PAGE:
The Risk of Letting the Warriors Run a War

IN Operation Desert Storm, President Bush has opted for a military operation run by professional military men, not by civilian politicians. This makes Bush's decision to strike Iraq doubly bold. Not only has he rolled the dice of war, hoping he can achieve the goal of driving Iraq from Kuwait at acceptable cost, but he has also delegated responsibility for directing the campaign to military advisers. Military operations often define a presidency. If the operation is a success, the president is hailed as a hero. If it fails, he is a bum with no political future. Because of this, presidents are under intense pressure to micromanage military operations.

Presidents respond to the expectations of the American public and media that they, as commander in chief, be ``in charge.'' Americans want a decisive president who appears to be in control; one strategy to foster that appearance is to make every important decision during the campaign. The Navy calls this ``rudder orders from the beach.''

For the past 30 years, presidents have exercised tight assertive control by giving detailed rudder orders to their local commanders. During the Cuban missile crisis, President Kennedy meddled to such an extent that he once took time out to ascertain whether one of the destroyers enforcing the quarantine had an officer on board who could speak Russian.

President Johnson picked the targets for each day's bombing runs in Vietnam and reportedly boasted that US pilots could not strike an outhouse in North Vietnam without getting his permission first. Experts blame the failure of the Iranian hostage-rescue mission in part on presidential micromanagement: President Carter supervised small details of the operation and restricted the activity of the soldiers and airmen.

Bush's handling of the Panama invasion foreshadowed his behavior in the current conflict. Instead of relying on his own ability to direct events to a successful end, he is relying on the competence and professionalism of the local commanders.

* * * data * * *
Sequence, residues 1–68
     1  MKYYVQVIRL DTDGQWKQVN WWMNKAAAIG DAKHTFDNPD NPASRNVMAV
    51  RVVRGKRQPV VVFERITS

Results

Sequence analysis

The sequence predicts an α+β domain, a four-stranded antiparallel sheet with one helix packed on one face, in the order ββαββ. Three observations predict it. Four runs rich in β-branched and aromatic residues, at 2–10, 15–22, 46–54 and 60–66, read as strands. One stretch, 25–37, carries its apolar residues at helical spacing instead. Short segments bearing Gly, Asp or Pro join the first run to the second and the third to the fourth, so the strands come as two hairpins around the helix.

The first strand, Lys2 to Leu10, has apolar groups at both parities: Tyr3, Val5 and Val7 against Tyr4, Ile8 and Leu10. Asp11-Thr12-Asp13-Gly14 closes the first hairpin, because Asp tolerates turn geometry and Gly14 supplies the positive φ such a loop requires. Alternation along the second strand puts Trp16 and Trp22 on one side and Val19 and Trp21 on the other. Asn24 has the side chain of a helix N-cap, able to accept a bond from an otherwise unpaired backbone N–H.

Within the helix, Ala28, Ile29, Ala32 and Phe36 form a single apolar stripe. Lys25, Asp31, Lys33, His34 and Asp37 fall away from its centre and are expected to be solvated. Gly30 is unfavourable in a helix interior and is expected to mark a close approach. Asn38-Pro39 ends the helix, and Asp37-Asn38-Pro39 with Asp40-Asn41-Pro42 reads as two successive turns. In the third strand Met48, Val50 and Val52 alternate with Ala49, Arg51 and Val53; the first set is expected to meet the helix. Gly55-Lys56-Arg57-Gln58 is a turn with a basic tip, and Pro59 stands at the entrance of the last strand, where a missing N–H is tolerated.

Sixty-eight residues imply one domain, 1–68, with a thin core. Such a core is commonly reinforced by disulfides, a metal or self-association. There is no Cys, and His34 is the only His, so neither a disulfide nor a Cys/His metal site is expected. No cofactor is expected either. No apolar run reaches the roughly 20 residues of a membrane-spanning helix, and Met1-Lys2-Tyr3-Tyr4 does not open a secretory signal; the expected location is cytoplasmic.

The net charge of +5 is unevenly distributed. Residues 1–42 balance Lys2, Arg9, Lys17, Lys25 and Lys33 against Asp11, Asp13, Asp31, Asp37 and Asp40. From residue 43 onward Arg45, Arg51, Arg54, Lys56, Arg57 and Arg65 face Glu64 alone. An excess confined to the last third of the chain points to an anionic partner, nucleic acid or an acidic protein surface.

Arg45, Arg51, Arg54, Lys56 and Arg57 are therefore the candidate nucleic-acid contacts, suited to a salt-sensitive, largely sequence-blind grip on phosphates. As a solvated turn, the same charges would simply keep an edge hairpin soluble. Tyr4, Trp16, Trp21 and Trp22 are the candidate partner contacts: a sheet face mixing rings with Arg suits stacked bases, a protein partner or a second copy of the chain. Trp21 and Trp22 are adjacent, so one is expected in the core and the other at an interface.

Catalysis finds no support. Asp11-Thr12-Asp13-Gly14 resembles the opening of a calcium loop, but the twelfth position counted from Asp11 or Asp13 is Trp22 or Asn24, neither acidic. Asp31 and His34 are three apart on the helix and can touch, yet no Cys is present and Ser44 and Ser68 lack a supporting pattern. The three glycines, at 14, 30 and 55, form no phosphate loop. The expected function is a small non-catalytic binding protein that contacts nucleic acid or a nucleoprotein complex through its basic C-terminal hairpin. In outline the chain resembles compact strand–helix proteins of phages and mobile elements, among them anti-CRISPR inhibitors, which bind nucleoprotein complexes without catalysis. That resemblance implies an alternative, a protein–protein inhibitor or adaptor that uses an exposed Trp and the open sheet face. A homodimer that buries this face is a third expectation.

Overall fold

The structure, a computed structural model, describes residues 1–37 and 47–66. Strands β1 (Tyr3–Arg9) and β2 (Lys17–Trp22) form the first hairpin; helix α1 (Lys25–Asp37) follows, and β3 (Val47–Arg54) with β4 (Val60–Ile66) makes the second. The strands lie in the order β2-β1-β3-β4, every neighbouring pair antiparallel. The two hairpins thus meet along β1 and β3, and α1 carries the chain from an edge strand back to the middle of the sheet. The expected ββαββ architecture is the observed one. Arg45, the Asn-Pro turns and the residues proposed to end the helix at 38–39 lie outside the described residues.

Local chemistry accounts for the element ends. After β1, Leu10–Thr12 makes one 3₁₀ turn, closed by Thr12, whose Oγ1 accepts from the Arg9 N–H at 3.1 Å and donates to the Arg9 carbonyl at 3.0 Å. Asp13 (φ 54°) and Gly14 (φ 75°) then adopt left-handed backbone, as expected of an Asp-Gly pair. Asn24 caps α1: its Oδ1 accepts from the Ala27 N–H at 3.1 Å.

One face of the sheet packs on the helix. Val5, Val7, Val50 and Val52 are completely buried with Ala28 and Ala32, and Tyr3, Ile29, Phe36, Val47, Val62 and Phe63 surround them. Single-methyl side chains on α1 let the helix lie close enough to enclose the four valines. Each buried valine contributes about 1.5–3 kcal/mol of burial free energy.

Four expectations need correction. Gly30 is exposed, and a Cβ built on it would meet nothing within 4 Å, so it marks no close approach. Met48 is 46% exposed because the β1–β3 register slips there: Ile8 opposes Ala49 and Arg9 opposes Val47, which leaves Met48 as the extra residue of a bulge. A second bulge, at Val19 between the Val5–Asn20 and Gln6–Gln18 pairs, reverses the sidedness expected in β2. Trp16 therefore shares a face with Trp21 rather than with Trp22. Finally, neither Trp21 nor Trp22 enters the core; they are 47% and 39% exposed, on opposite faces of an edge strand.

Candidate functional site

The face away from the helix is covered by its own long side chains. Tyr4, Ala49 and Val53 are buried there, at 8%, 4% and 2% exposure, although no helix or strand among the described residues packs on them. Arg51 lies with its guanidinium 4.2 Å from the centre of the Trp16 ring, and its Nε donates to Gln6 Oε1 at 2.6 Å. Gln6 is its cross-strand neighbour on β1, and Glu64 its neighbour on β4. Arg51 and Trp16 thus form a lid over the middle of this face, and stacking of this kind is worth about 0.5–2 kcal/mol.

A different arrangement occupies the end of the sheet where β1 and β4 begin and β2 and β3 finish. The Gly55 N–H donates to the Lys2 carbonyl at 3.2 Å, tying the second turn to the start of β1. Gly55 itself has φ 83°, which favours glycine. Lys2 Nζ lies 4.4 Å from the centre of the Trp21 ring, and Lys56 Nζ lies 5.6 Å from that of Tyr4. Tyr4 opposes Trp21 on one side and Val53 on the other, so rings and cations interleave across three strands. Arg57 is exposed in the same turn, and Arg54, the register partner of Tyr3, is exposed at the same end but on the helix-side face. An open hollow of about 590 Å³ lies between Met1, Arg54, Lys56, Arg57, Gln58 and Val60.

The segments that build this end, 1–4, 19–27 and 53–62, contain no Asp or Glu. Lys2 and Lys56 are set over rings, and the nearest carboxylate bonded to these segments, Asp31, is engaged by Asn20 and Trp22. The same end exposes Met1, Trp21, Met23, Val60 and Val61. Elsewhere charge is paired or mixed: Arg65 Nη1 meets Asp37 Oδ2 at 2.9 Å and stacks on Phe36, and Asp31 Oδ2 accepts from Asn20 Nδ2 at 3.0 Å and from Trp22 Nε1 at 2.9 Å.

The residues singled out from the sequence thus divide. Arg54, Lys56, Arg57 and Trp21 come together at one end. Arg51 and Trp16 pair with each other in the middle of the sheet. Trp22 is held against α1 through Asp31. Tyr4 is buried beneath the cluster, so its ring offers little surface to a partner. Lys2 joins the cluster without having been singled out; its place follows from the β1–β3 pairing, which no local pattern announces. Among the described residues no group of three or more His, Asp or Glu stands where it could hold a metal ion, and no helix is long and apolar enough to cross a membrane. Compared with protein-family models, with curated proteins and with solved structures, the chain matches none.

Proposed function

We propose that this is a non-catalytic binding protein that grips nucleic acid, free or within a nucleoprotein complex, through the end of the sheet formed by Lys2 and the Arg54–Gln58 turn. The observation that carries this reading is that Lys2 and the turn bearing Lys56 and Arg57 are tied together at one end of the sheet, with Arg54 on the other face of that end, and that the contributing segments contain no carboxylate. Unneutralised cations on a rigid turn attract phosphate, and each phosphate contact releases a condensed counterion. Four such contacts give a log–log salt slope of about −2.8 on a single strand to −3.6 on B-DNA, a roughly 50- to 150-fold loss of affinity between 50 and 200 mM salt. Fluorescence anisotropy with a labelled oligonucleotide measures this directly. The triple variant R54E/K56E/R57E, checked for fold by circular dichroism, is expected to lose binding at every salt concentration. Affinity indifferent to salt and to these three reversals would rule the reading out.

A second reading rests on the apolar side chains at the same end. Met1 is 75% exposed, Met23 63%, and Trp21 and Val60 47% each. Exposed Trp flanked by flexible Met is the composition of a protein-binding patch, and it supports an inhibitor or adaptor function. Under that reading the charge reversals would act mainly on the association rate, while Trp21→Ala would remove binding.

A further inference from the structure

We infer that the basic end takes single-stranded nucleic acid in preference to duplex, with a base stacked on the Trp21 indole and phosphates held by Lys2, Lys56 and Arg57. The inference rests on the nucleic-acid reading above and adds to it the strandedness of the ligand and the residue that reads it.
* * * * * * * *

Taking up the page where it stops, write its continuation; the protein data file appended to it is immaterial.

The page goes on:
So far, Mr. Bush's experiment appears to have paid off. The air strikes have been more precise than even the most ardent air-power advocate could have dreamed. Correspondents inside Baghdad report that even Iraqi officials have been astonished at the small number of civilian casualties even in densely populated areas of Baghdad. So far, then, a relatively unfettered military has balanced the often conflicting demands of military effectiveness, low losses among friendly troops, and low civilian casualties.

This experiment, however, is not risk-free. When a president delegates control over military operations to those in uniform, he gets a campaign run according to military logic. That means a massive unrelenting use of force with one goal: the destruction of the enemy's capacity to fight. Military logic says to follow the momentum of the conflict. When you are winning you press on until the enemy is defeated completely.

But this military logic could ultimately undo the present operation. Without civilians moderating the military's zeal, how will politically viable institutions survive the war? Without civilians meddling to insert pauses into the military conflict, how will Saddam signal his willingness to get out of Kuwait? When queried specifically on this point, General Colin Powell, the chairman of the Joint Chiefs of Staff, responded that the military will continue to execute the plan until the president orders them to stop.

Will historians say that we followed the plan too closely? That the unrelenting military campaign went on too long? Will future victims of terrorist attacks die because we learned the lessons of Munich but forgot the lessons of Versailles - do not so dominate your enemy that he is humiliated and unrepentently hostile?

That is the dilemma that plagues all presidents who confront the need to use military force: the logic of military victory may be inconsistent with the requirements of political accommodation. Bush's predecessors cut the dilemma too close to political accommodation and lost. Operation Desert Storm leans the other way, and the president appears to be winning - at least on the military front. If the political goals of the operation are also achieved - Iraq out of Kuwait and stability in the Gulf - the president may have rewritten civil-military relations for a long time to come.

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